Since the midterm of the class, we have watched several anime focusing on female protagonists or other important characters in a number of different roles. It is interesting to note the different views the creators have on gender roles, and how they express them in their anime, both visually and contextually. For the sake of saving time, I will explore only two anime that we have watched, namely Ghost in the Shell, and End of Evangelion.
Ghost in the Shell has a strong female protagonist, Major Motoko Kusanagi. She is headstrong, determined, incredibly strong, and rather overconfident as a result. A recurring theme throughout the movie is her uncertainty in her identity. Since she is a cyborg, she states that she cannot prove her existence, even if she is told that she has a human brain inside her electronic body, she has no way of proving it. Just because she has a ‘ghost’ does not prove that she is human.
In contrast, the apparent antagonist of the film is an electronic entity known only as the “Puppet Master”. Since the Puppet Master is composed solely of data and only exists within the confines of electronics (such as computers and cyborg bodies), it has no apparent gender, but is usually referred to as a male for the sake of ease. It is introduced as a character when a cyborg body is manufactured, walks out of the factory, and is hit by a car. The body is brought into Section 9 and perplexes the residents, as It contains no brain cells, but the body seems to contain a ghost. The Puppet Master claims itself as a sentient being, capable of recognizing its own existence, and demands political asylum.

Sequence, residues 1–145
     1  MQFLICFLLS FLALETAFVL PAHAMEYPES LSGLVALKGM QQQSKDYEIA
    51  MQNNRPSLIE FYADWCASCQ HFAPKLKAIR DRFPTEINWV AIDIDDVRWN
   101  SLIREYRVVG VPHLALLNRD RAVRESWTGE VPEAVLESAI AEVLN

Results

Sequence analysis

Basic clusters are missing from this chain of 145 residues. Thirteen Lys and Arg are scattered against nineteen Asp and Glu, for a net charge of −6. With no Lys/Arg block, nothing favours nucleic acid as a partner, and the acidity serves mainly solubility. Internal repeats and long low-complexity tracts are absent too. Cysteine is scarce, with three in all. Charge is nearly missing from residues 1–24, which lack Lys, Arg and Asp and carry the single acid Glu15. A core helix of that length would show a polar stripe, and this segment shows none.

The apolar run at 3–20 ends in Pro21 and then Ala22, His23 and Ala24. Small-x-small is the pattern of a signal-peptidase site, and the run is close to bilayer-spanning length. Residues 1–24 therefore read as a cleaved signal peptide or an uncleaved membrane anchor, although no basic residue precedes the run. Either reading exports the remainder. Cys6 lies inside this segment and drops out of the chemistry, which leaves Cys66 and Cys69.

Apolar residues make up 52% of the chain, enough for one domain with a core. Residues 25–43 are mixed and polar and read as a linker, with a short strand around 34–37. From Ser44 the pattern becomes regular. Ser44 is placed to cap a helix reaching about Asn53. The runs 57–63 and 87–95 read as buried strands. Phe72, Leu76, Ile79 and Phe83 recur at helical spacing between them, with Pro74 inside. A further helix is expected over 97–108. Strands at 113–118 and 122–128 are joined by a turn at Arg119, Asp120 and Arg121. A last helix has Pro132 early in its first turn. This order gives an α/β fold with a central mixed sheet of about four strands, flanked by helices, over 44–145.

Both Motoko and the Puppet Master question their existence, but in opposite ways. The two are drawn to each other throughout the movie and the Major repeatedly expresses the desire to ‘dive’ into the body and communicate with the ghost within. When this finally happens, the Puppet Master reveals that it is missing two things that would make it fully alive: reproduction and death. In order to facilitate both of these, it merges its ghost with Motoko’s, making an entity that is both yet neither. Because both are severely damaged physically, and hunted by many a party, Batou houses the new ghost in a young girl’s cyborg body. He says it’s the best he could get on short notice.
Visually, Motoko is an adult female, the Puppet Master is female, and the final combination is a female child. Mentally, Motoko is an adult, but does not seem to care about her gender. The Puppet Master is ‘young’ and could be considered a child, but is referred to as male even though it occupies a female body. This begs the question if gender really even matters, if a digital being could exist alongside organic ones. It seems as though gender has no place in this setting, as it is only about individuals.
In End of Evangelion, there are two distinct tones for each half of the movie. The first half of the movie offers seemingly reversed,...